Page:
"I said you are endangering my patients and he's a risk for escape," Vilja told the AP.
The health department agreed with his concerns, and the patient was moved. Within a week, Vilja was moved to the medical records department. He was unable to work with patients for six months but was recently told he can move back to the limited-security ward.
Vilja has filed a whistleblower complaint, claiming retaliation for speaking out.
Psychiatrists say they faced similar treatment. Three said they were reprimanded for objecting to management decisions that put patients and staff at risk. Two were fired, and the other was removed from patient care.
Dr. Michael Quayle said he faced a hostile work environment after reporting expired and improperly stored meat where food was prepared for patients. He sued, and a jury awarded him about $550,000 in December 2016. The next month, he asked a judge to order the hospital to stop retaliating against staffers who file complaints.
Dr. Joseph Wainer provided a statement supporting a court order.
"Western State Hospital has suffered and continues to suffer from a systemic culture of retaliation, discrimination and bullying," he told the court.
He also wrote an editorial in a newspaper, saying he saw "people who've been told that their perspective is ignorant, who have been ignored, shamed and intimidated into silence by an authoritarian leadership."
About a week later, Wainer was placed under investigation and the hospital ordered him to leave.
Another staff psychiatrist learned in April 2017 that management planned to discharge his patients. Dr. Jay Jawad objected, saying they weren't ready and could harm themselves or others.
"A haunting example of this came to light in the recent case against Western State Hospital where an unstable patient was released to the community, contrary to clinical wisdom, and later murdered his father with a hatchet," Jawad said.
The hospital started investigating after he reported his concerns and took away his clinical responsibilities.
Jawad and Wainer were later told that the investigations were closed with no findings. They have sued the hospital and the health agency claiming they faced retaliation.
When told about hospital workers' retaliation claims, the governor said "you'll always hear disenchantment" in large facilities.
Health officials declined to comment on the lawsuits, and the state attorney general's office hasn't responded.
DANGERS OF A NURSE SHORTAGE
Bowser said nurses conceded that they couldn't properly care for her mother because they didn't have enough staffers.
Instead of hiring nurses, the hospital hired "nurse educators" who don't see patients, said a hospital worker who didn't want to be named for fear of being fired. The hospital has lost 15 psychiatrists in three years with no new psychiatrists being hired, the worker said.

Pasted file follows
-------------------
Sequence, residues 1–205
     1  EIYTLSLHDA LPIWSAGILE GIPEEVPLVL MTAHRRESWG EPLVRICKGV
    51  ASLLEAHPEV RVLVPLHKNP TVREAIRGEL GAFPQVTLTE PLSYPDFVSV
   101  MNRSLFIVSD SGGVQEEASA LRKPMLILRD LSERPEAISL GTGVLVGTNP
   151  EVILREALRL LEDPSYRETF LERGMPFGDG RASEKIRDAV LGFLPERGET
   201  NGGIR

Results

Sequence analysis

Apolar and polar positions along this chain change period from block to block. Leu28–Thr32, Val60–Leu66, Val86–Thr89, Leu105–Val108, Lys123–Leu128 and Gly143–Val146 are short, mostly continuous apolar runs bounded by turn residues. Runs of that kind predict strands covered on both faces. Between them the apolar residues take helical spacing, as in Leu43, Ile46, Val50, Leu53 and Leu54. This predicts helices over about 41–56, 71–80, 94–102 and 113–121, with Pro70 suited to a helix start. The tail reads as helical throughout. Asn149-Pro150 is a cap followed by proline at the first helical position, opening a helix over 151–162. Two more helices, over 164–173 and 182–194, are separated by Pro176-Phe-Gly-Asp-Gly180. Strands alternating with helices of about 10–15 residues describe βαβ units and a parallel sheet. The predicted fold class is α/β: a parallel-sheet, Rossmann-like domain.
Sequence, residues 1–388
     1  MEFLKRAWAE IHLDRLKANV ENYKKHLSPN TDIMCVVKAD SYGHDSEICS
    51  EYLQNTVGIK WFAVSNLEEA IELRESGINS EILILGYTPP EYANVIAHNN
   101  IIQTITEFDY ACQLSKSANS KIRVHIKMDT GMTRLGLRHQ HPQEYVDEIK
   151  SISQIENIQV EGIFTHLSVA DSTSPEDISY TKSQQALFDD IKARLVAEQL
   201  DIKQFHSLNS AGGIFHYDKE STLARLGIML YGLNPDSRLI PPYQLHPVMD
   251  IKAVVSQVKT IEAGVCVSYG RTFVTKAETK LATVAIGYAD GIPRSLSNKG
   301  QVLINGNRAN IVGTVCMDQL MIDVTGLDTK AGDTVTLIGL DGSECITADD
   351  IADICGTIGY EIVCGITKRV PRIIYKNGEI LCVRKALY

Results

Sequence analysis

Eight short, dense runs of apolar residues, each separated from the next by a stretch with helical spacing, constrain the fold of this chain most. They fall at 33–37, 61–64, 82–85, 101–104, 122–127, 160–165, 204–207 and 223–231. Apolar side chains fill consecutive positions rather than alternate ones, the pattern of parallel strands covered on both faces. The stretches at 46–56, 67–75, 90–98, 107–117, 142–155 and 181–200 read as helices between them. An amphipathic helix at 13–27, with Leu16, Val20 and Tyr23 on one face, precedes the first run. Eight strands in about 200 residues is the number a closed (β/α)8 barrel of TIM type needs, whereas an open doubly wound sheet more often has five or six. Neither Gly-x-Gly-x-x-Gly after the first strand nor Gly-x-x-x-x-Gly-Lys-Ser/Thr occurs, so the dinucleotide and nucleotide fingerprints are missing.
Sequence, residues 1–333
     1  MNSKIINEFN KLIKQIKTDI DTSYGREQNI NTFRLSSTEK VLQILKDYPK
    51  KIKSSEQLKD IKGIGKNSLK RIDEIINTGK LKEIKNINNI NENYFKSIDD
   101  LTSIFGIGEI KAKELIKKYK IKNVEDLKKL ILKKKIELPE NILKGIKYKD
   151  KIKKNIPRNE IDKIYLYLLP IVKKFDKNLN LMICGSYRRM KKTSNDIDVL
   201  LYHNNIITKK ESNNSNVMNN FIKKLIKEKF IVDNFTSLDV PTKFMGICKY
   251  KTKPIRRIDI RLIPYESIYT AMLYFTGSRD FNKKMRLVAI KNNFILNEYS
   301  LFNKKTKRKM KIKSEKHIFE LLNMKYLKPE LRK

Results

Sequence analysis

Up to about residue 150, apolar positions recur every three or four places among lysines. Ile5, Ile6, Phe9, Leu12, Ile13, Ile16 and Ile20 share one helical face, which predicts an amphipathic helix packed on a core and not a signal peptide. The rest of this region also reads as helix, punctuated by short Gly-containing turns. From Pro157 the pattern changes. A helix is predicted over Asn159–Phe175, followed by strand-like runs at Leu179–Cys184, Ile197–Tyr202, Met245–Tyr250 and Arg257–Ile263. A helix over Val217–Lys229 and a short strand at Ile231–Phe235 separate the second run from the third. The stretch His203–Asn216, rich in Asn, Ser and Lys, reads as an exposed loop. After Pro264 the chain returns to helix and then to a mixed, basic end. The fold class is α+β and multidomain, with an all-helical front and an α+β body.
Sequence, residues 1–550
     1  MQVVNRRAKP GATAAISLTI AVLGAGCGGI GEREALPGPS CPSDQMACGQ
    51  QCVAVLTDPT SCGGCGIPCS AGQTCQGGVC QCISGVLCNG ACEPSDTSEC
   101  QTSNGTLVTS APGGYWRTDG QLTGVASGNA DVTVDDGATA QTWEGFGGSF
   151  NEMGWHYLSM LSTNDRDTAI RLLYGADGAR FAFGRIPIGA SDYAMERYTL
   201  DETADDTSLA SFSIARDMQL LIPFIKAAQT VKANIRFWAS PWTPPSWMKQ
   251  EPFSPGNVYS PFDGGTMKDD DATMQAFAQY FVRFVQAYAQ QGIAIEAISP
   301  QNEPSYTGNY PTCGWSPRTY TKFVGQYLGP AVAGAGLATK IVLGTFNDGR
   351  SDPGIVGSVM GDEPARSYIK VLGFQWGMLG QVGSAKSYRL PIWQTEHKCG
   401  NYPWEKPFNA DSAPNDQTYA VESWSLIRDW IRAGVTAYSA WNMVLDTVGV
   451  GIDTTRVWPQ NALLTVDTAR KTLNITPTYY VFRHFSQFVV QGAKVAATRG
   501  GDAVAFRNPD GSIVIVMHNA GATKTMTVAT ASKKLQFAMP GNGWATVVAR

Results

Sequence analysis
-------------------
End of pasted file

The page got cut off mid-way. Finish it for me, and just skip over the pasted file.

Selena Bertino, mother of 32-year-old Reid Bertino, a patient at the hospital for years, said the high-security ward is still dangerous because there are not enough workers.
"The unstable patients are supposed to have two staff with them at all times because they can just go off and attack people, but often there's only one staff with them," Bertino said. "Reid was severely beaten when a patient went off while he was eating dinner."
The governor acknowledged that the hospital has staffing problems but said it's started a recruitment system to attract more workers. He declined to comment on how difficult it will be to hire nurses and psychiatrists at a hospital that's not accredited or certified.
The gaps leave nurses to work an exorbitant amount of overtime, which can lead to mistakes and burnout.
Lawmakers have pressed the hospital to create a staffing model that will allow adequate funding for nurses, but the facility keeps asking for overtime funds that are "unaccountable," said state Rep. Laurie Jinkins, a Democrat on the Select Committee on Quality in State Hospitals.
"That's been a huge frustration," Jinkins said.
Kelly Stowe, a DSHS spokeswoman, said the agency is working with the governor's office on funding options after the recent inspection cost the hospital federal dollars.
"As for the latest survey, we are still in the midst of reviewing the findings and will continue our work improving quality of care and safety at the hospital," Stowe said.
Sen. Steve O'Ban, a Republican, has said the Legislature should hold a special session to address the crisis, but the governor said that wasn't necessary.
Inslee wants the state to move to a "community-based system" over the next five years that allows some patients to live in smaller facilities, including some state-run programs and private hospitals.